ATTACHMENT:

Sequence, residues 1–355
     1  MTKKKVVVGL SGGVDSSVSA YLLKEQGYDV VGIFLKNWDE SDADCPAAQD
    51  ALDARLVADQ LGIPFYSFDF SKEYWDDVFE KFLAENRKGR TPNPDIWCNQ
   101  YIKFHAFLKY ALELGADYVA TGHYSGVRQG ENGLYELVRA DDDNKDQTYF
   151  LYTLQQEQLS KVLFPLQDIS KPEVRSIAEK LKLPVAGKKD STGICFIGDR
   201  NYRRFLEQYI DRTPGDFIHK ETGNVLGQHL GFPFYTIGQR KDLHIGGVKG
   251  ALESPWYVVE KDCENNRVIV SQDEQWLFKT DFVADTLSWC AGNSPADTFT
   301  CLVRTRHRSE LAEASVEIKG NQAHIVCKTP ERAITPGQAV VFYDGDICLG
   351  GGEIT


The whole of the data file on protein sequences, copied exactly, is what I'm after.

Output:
Sequence, residues 1–355
     1  MTKKKVVVGL SGGVDSSVSA YLLKEQGYDV VGIFLKNWDE SDADCPAAQD
    51  ALDARLVADQ LGIPFYSFDF SKEYWDDVFE KFLAENRKGR TPNPDIWCNQ
   101  YIKFHAFLKY ALELGADYVA TGHYSGVRQG ENGLYELVRA DDDNKDQTYF
   151  LYTLQQEQLS KVLFPLQDIS KPEVRSIAEK LKLPVAGKKD STGICFIGDR
   201  NYRRFLEQYI DRTPGDFIHK ETGNVLGQHL GFPFYTIGQR KDLHIGGVKG
   251  ALESPWYVVE KDCENNRVIV SQDEQWLFKT DFVADTLSWC AGNSPADTFT
   301  CLVRTRHRSE LAEASVEIKG NQAHIVCKTP ERAITPGQAV VFYDGDICLG
   351  GGEIT